When Wake Forest grad student Kristal McKenzie, 33, was pregnant a few years ago, she decided it was time to abandon Facebook. “I’m concerned about online privacy, and was tired of keeping up with Facebook’s privacy settings changes,” she says. “And with a baby coming, I wanted to focus on the people in my real life.” However, last summer, she got an email welcoming her back to Facebook. There were two strange things about it: it was in Spanish and it was addressed to Katya.
Obviously someone had signed up for Facebook with the wrong email address. McKenzie installed a Google Chrome translation add-on so she could read the email. “I clicked the option in the welcome email to say it was not mine and Facebook’s website said I would be disassociated from it. Great!” she says. But that’s not what happened. Instead, she started getting regular Facebook messages intended for Katya, who appeared to be a teen girl living in Mexico. She got updates when Katya’s friends massacred baby cows in Farmville, every time Katya got poked, and whenever Katya had friend requests. Most disturbingly from a privacy perspective, she got copies of private messages sent to Katya through Facebook. “Love and miss you. I want to give this hug :33,” reads one. Over 9 months, McKenzie received over 14,000 messages intended for the teen girl.
“Each message has an option to unsubscribe from those notifications, but since Facebook thinks I’m not on the account, it won’t let me unsubscribe from those,” she says. McKenzie tried to create a new Facebook account with her email address hoping that would work, but then she just wound up getting notifications for both accounts. She was unable to sign into Katya’s account; her email address did appear to be disassociated from it though she was still receiving messages for it. She contacted Facebook’s abuse and PR departments by email but got nothing back. She saw at least one other person complaining about the same problem on a Facebook help forum, but when she tried to post about it, her post was marked “abusive.” She reached out to the FCC and to a kids’ privacy organization that works with Facebook; the latter told her they would pass the message along to Facebook. Still nothing.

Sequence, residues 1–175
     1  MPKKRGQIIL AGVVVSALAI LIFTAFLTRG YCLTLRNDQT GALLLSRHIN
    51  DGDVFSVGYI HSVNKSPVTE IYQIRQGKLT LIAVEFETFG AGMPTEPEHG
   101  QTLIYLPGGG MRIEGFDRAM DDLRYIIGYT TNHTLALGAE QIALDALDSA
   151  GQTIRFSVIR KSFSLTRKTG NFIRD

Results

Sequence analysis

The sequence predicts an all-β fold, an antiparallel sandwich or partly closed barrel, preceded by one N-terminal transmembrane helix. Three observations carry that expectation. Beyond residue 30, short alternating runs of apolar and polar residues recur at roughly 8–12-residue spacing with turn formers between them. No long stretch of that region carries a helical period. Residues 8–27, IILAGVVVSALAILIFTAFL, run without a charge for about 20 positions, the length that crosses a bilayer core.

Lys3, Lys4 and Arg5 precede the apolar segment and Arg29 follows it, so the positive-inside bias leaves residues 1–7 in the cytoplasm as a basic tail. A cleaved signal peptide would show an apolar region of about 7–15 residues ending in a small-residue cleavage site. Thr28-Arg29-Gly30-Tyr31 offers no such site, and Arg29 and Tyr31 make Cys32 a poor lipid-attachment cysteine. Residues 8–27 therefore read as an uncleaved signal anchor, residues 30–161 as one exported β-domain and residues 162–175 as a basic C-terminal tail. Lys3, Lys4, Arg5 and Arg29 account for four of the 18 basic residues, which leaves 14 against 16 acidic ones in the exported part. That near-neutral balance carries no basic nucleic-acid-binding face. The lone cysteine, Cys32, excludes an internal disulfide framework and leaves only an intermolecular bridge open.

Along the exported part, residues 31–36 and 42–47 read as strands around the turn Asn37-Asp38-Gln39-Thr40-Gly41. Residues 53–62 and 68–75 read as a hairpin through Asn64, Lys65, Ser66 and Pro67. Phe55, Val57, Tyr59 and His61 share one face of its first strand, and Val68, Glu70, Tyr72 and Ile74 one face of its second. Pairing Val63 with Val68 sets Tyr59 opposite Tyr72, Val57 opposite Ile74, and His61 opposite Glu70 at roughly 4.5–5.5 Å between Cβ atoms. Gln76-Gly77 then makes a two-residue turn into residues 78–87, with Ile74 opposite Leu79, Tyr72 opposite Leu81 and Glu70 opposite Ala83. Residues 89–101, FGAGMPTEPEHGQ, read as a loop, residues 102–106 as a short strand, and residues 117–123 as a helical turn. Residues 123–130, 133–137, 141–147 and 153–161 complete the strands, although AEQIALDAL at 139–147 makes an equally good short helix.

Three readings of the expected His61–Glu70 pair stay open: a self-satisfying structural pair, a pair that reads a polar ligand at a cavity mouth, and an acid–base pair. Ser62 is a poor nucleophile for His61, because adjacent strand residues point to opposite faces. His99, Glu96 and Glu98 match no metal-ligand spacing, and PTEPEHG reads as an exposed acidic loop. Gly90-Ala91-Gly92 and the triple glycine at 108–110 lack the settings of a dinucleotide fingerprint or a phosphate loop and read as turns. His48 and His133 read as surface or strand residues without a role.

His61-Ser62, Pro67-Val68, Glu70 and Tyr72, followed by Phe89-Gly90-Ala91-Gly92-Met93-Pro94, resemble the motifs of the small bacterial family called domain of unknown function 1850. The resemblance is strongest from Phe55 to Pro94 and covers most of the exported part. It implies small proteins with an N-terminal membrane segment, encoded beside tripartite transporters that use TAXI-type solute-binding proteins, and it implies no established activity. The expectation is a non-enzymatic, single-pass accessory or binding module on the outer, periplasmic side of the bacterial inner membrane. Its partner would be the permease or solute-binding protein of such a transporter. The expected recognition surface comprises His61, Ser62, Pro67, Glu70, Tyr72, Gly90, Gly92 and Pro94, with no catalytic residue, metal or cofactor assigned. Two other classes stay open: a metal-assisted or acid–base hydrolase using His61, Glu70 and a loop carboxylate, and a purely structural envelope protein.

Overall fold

As for Katya herself, she has taken privacy measures around her account: you can’t write on her wall or send her a private message unless you’re friends with her. McKenzie and I both tried to reach her through a friend but failed. She has also mistakenly signed up for other accounts with McKenzie’s email address, such as Skype and AskFm; McKenzie was able to unsubscribe from those accounts.
Luckily, Facebook does pay attention to my emails to them. A Facebook spokesperson told me their security team stopped the emails being sent to McKenzie.
“When we looked at what happened, we found that in extremely rare circumstances, the link at the bottom of emails that people use to report messages that aren’t addressed to them wasn’t working correctly,” says a Facebook spokesperson. “This could have occurred only in the situation where someone registered their Facebook account with a mistyped email address, didn’t confirm it, and then successfully confirmed a contact phone number. We are fixing this to ensure it can’t happen again.”
It sounds like a very weird and unusual fluke. What still bothers McKenzie is how hard it was to tell Facebook it happened.
“The tech companies assure us they’re concerned about privacy yet there was no way for me to notify Facebook about this,” says McKenzie. “She’s a teenager. I didn’t want to be privy to what’s going on in her life.”